The evolution of ZS-1 Amen

This Thursday we chronicled the evolution of ZS-1 Amen. From an experiment in instrument design, to a dynamic live audio visual experience.

Originally written by Ziad in 1998, Amen started as GUI design experiment. In 1998 most music software was written to emulate existing hardware. Ziad’s aim was to start with a prevalent compositional technique, then design software around it.

The compositional technique chosen was the beat making popularised by the Drum and Bass genre. Here drum loops are chopped into smaller parts and resequenced. Originally this was a laborious process as there was no dedicated software for it. Amen was designed to remedy this.

Algorithmic composition is a major part of Amen. In our presentation Ziad explained the motivation for and approach behind this functionality. Algorithmic composition is also a great catalyst for experimentation and can produce some very surprising results.

Amen was left in the public domain. Several years later the project was picked up by Daniel.

Amen was redesigned and rewritten for the Nintendo DS. The Nintendo DS inspired a generation of audio hackers. Daniel was one of those hackers. He re-imagined Amem, reworking the GUI to take advantage of the DS’s unusual hardware configuration. Notably the touch screen.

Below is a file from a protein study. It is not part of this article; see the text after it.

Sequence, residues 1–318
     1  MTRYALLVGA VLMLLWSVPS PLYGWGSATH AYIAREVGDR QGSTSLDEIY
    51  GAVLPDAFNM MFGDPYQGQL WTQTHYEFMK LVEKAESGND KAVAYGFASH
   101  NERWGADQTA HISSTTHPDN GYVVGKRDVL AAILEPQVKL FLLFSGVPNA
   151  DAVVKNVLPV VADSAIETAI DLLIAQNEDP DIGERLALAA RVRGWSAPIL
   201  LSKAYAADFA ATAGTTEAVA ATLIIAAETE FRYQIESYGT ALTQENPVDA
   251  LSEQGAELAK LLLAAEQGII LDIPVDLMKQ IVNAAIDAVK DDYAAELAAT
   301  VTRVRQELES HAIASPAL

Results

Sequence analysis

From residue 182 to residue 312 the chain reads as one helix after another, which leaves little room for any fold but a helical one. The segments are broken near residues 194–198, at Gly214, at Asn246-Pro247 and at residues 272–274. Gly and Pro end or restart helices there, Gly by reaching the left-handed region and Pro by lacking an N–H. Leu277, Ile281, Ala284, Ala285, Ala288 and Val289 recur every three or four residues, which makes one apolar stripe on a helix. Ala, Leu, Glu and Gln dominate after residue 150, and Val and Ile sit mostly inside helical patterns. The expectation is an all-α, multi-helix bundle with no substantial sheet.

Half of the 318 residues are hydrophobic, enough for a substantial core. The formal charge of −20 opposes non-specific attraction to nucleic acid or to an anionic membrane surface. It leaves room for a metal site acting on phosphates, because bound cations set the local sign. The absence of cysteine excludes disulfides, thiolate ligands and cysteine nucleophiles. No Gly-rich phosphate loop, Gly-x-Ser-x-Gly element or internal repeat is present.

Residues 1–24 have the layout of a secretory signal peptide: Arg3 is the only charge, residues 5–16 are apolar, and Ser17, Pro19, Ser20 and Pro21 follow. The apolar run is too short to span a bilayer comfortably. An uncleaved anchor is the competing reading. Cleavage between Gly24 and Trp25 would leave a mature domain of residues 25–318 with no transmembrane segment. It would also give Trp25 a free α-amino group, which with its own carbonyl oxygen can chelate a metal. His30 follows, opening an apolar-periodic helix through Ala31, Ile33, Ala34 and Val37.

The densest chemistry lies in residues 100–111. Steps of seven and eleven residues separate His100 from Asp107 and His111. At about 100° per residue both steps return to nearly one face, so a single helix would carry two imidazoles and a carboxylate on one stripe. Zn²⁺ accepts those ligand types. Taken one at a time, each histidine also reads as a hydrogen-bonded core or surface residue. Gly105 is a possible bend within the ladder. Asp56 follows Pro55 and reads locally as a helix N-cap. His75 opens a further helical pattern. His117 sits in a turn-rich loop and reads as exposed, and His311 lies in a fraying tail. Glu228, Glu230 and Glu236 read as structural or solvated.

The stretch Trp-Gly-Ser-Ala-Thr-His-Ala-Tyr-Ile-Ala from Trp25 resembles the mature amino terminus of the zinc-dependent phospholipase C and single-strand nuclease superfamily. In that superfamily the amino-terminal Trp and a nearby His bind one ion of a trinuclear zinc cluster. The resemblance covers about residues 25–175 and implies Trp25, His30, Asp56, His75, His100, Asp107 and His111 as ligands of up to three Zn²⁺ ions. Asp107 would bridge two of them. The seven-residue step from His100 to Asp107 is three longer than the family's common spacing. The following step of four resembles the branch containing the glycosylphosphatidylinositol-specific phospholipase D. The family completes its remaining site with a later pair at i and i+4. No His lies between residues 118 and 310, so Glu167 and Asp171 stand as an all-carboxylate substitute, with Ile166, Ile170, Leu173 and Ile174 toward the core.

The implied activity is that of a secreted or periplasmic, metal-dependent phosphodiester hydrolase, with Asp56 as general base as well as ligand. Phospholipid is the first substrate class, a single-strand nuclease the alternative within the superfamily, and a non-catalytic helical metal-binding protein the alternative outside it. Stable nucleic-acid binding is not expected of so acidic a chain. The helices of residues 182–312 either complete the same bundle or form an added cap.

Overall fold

Daniel went on to implement Amen’s most requested feature; a live performance mode.

Daniel walked through his realtime-focused changes using a new Flash version of Amen, made specially for this demonstration. Often he got sidetracked, filling the room with funky beats and delighting the audience. Daniel’s Amen is a dynamic live audio and visual experience, multichannel sequencer and a ton of fun!

The future of Amen is exciting… watch this space…

 

Daniel Lopez and Ziad Khouri

http://www.sonicspot.com/zs1amen/zs1amen.html

http://www.samplestation.net/forum/zs-1-amen-rearrangement-de-boucles,topic27807.html (in French)